Climate Activists Glue Themselves to Capitol


On Tuesday evening, members of the Washington, D.C., chapter of Extinction Rebellion superglued themselves to each other and to the passages connecting the Capitol to the Rayburn and Cannon office buildings, where House members have their offices. The protesters, who are part of an international group that uses nonviolent civil disobedience tactics to advocate for action on climate change, aimed to confront House members on their way to floor votes.

Many of the protesters, who did not expect the protest to last longer than 15 minutes, remained glued for more than two hours, alongside dozens of demonstrators who rallied as a distraction. They wore signs over their shirts that said “Declare Climate Emergency” and chanted: “What do we want? Green New Deal! When do we want it? Now!” Capitol police asked bystanders and reporters to move back and, after three warnings, kicked everyone out — except, of course, those who were glued. They arrested 13 activists, according to Extinction Rebellion, around 8:30 p.m.

Members of Congress, for the most part, ignored the protesters. Rep. Jim Banks, R-Ind., former vice chair of the House Subcommittee on Environment, mocked the group on Twitter, posting a video of himself appearing to duck under a protester’s arm to get through with the note, “…Supergluing yourself to a door is a very dumb way to protest.”

The climate activism group, which was formally launched in the United Kingdom last October and has iterations in 45 countries, uses disruptive acts of civil disobedience to call on lawmakers around the world to treat the climate crisis with the urgency it deserves. They’ve blocked traffic, stood on trains, staged “die-ins,” climbed buildings, and gotten half-naked. Because the group has no single leader, there’s no good estimate of how big the movement is in the United States, but the demonstrations it’s held in New York City have attracted hundreds.

Extinction Rebellion U.S. has four demands, which include the reduction of carbon emissions to net zero by 2025 and the creation of a citizens’ assembly to oversee the “bold, swift and long-term changes necessary” to tackle the crisis. On Tuesday, protesters were specifically calling for the immediate passage of the joint resolution for the U.S. to declare the climate crisis an official emergency.

“We are about to make history in this fucking building. I’m sick and tired of waiting around.”

Russell Grey, co-founder of the Extinction Rebellion U.S. chapter, gave the demonstrators a pep talk before marching over to the Cannon House Office Building. “We are about to make history in this fucking building,” he said. “I’m sick and tired of waiting around.”

Sen. Bernie Sanders, I-Vt., recently introduced the nonbinding resolution in the Senate, alongside Reps. Alexandria Ocasio-Cortez, D-N.Y., and Earl Blumenauer, D-Ore., who introduced a version in the House.

“The global warming caused by human activities,” the resolution reads, in part, “demands a national, social, industrial, and economic mobilization of the resources and labor of the United States at a massive scale to halt, reverse, mitigate, and prepare for the consequences of the climate emergency and to restore the climate for future generations.”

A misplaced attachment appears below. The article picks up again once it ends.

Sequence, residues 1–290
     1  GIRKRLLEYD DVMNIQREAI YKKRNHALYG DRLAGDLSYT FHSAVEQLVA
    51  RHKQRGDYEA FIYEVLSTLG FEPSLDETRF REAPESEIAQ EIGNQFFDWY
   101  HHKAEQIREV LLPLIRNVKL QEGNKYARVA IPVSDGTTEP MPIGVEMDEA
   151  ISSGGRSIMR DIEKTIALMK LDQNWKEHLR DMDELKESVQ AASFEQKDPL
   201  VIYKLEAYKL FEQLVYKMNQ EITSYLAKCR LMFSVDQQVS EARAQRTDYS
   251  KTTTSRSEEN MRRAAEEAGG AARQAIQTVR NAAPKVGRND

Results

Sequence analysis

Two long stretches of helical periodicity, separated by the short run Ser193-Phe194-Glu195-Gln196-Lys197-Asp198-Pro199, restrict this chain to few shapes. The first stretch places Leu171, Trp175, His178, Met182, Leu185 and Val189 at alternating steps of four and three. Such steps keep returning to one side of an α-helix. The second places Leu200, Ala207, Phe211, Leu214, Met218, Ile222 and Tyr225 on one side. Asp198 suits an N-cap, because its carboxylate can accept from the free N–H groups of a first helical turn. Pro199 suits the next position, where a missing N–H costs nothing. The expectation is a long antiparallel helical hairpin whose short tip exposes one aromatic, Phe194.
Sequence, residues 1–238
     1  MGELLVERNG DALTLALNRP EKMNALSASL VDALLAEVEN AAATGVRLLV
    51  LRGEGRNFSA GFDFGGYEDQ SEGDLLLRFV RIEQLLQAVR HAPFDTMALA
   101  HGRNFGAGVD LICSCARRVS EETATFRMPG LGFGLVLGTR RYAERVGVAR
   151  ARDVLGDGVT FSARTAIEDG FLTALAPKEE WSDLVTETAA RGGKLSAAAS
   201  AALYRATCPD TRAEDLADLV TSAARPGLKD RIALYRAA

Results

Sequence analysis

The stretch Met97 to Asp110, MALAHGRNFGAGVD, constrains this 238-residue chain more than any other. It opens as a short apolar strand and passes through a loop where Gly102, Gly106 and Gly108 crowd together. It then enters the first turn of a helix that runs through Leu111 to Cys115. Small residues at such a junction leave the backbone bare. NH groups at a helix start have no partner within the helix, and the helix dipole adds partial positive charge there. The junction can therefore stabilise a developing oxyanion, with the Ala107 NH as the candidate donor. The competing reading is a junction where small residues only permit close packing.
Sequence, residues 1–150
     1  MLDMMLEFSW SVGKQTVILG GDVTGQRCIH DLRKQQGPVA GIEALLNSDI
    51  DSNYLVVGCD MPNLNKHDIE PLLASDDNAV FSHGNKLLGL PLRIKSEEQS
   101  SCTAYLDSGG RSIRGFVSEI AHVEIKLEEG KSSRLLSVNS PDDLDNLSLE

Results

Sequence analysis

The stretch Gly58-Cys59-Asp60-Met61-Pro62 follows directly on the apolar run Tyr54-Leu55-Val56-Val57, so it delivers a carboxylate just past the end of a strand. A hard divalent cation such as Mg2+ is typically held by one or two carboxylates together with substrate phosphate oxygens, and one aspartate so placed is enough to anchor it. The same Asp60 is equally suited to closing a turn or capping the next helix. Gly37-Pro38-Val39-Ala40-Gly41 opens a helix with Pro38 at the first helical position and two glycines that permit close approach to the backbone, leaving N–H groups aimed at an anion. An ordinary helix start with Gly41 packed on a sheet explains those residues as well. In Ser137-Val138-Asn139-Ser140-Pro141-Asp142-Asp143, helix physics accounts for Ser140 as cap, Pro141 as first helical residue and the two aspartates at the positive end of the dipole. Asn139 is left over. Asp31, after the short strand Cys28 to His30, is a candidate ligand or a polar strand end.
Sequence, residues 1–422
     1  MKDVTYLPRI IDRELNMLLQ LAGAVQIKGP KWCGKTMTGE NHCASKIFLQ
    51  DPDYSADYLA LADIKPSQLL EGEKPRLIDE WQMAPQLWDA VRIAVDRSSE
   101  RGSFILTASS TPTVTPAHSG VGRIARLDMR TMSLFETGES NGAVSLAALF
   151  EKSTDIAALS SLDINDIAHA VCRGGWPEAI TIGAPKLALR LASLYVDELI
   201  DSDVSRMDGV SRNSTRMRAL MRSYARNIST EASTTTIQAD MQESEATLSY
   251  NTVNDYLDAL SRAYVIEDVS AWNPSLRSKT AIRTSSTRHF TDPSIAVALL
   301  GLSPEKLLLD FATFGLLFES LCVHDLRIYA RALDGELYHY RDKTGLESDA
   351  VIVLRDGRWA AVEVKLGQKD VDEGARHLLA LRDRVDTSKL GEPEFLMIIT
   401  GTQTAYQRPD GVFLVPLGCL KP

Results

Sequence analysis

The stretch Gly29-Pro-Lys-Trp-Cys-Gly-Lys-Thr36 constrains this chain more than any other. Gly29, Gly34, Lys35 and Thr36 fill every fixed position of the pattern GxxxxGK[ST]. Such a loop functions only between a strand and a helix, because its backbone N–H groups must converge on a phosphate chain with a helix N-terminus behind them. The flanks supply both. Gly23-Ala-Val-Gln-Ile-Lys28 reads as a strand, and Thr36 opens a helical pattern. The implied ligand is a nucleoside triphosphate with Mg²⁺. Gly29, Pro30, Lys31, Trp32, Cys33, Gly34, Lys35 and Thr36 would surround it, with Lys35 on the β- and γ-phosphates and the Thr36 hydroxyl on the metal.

Dominic Serino, one of the protesters risking arrest, said that considering the “extreme urgency” of the climate crisis, passing a nonbinding resolution “just acknowledging it exists is the smallest possible demand we could be making to Congress.”

“If members of Congress are serious about listening to their constituents, then yes, they will change their messaging.”

If the resolution passes, the U.S. would join 16 countries and hundreds of local governments — including New York City — that have already declared a climate emergency. The New York City Council voted overwhelmingly to declare the emergency last month; though the vote was mostly symbolic, the gesture marked a victory for militant climate activists.

“I think this will show members of Congress who aren’t taking climate change seriously that the American people understand the risk and are taking it seriously,” Serino, who traveled from Baltimore, said. “And if members of Congress are serious about listening to their constituents, then yes, they will change their messaging.”

Given the Republican control of the Senate, Congress likely won’t pass ambitious climate legislation anytime soon. But there are groups in Congress working to push the issue. Earlier this year, 10 Democrats in the Senate formed a Special Committee on the Climate Crisis to investigate “how climate change is affecting the country and the planet.” The committee, chaired by Sen. Brian Schatz of Hawaii, held its first public hearing earlier this month and has a second one scheduled for this Thursday. The House has also been convening a Special Committee on a regular basis.

The Sunrise Movement, a youth-led environmental group, pushed the concept of a Green New Deal into the political mainstream in the wake of the midterm elections, when newly elected Ocasio-Cortez joined Sunrise protesters’ sit-in at the office of Nancy Pelosi, then presumed to be the incoming House speaker. In less than a year, the Green New Deal went from being an obscure policy proposal to having more than 90 co-sponsors in the House and 12 in the Senate as a nonbinding resolution.

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